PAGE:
A messy and time-consuming way to create character lists using Stanford's NER tagger
Recently I’ve been trying to teach myself something about network analysis, and I ran across this article by Markus Luczak-Roesch, Adam Grener, and Emma Fenton, called “Not-so-distant reading: A dynamic network approach to literature” (project site) It describes a tool for generating dynamic and static networks of character occurrences in a text using R, which I’m sort of familiar with. The authors direct readers to their Github repo, so I decided to check it out.
Not the right ideas about character
Working on the book – at least for me – is a constant process of trying to figure out which ideas are worth keeping, and which aren’t. Sometimes I hold really tightly to ideas that aren’t worth keeping, or that I just can’t keep, and then these ideas lead me down confusing and time-consuming rabbit holes where I end up learning a lot about how supercomputer processors work or something (actual example from my dissertation research). Cool! – but not really the point.
Flailing to write the book
The book, the book, the book. For a long time after I graduated with my PhD and somehow got a job I wasn’t making any progress on my book at all. In fact, I took a whole year off from even thinking about writing the book during my first year at my old job at Clemson University. And then after that year, I wrote a lot of things that were supposed to be the book but that didn’t feel right. I was cobbling half-baked ideas together and putting band-aids on chapters I didn’t know how to end or begin and glossing over things that seemed important because I couldn’t articulate how they fit with my grand design. But I kept pounding away at it, doing what I do best, which is trying really hard. It wasn’t working. I did a lot of flailing, which is not quite failing, but which can feel like it.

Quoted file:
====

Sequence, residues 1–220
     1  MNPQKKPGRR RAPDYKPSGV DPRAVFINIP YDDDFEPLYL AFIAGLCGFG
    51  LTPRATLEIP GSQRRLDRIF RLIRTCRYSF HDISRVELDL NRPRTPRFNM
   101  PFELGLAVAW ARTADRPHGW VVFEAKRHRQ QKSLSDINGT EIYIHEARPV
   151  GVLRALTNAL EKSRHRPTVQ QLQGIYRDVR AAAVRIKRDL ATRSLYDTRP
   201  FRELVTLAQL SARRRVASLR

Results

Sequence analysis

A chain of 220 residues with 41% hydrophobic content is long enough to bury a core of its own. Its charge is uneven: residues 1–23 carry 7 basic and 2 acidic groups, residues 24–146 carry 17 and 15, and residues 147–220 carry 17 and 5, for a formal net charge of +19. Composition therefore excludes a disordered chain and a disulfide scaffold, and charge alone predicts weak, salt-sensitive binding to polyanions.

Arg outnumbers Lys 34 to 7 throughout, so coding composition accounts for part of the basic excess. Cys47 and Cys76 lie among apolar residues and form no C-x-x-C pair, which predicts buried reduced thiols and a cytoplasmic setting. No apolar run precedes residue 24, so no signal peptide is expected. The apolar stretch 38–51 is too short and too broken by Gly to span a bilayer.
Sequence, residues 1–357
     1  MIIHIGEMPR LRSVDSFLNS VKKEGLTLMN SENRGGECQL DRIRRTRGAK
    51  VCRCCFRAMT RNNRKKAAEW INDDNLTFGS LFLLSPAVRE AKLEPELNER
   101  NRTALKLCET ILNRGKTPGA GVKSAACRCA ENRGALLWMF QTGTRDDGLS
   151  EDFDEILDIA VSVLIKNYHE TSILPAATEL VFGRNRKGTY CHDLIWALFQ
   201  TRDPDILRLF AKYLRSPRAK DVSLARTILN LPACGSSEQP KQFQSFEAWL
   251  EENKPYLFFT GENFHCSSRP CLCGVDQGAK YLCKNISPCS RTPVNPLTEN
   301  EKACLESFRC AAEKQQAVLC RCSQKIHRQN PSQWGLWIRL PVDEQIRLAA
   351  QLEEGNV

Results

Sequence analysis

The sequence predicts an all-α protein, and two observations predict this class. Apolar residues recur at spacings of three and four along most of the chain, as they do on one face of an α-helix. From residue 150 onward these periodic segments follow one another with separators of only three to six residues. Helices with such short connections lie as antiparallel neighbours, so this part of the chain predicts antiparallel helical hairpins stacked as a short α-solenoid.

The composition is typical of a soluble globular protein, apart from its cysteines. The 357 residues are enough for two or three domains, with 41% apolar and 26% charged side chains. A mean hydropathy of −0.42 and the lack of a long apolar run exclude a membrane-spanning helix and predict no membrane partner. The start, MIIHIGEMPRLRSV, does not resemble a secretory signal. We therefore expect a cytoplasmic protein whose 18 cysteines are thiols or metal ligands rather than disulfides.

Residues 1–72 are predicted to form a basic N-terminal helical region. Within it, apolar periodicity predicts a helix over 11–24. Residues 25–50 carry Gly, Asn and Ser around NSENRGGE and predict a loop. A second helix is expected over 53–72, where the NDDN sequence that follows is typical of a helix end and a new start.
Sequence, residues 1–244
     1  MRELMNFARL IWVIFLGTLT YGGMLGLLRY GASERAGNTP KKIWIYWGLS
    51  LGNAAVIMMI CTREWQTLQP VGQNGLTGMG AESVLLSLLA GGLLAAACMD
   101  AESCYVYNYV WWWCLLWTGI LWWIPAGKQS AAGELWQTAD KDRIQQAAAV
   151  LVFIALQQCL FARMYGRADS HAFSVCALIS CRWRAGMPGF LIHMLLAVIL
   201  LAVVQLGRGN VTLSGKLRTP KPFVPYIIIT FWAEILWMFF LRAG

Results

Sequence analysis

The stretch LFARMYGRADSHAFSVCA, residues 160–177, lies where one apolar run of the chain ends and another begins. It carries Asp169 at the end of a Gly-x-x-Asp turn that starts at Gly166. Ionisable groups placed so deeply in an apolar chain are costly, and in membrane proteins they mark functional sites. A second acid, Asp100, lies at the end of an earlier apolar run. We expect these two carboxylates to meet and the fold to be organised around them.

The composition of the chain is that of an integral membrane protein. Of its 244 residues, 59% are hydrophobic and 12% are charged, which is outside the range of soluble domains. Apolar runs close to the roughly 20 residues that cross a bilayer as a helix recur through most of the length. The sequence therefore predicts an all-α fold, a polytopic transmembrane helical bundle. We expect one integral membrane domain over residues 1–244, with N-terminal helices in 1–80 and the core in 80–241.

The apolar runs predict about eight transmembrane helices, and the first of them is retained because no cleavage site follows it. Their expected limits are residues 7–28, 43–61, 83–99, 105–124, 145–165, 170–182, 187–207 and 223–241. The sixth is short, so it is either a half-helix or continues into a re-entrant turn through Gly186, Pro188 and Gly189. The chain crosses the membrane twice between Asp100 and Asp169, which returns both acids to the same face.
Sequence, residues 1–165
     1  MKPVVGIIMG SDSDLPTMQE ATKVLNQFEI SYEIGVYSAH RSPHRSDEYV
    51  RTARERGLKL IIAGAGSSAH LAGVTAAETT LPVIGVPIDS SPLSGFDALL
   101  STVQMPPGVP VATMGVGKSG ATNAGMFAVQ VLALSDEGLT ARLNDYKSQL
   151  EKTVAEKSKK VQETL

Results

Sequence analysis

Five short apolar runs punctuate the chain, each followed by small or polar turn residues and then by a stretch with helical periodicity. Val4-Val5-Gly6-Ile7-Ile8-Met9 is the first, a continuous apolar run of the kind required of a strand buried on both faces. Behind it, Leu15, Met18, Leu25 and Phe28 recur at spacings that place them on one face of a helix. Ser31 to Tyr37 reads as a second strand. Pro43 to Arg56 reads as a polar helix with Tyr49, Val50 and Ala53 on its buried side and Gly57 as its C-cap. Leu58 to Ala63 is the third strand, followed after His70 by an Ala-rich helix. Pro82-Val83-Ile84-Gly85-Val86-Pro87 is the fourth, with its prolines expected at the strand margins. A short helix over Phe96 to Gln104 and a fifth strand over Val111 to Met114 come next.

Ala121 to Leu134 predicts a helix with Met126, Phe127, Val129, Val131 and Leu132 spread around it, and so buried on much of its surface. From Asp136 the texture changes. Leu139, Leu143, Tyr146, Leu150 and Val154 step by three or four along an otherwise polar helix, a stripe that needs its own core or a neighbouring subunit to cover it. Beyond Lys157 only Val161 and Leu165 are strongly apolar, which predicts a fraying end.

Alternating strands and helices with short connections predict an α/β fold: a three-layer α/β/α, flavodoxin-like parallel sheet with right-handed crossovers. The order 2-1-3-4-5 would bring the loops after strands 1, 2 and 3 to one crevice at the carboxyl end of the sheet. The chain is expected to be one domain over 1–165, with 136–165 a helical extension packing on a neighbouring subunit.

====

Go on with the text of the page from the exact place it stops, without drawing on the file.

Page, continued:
Failing to get an article published
Not much to say about this one: I recently had an article about critical reading practices rejected for publication. I think in this case it was mainly a situation where the article wasn’t the right fit for the venue, but I don’t know for sure. I know rejection is a totally normal part of the job, and this rejection was not mean-spirited or unfair — but it still stings, right?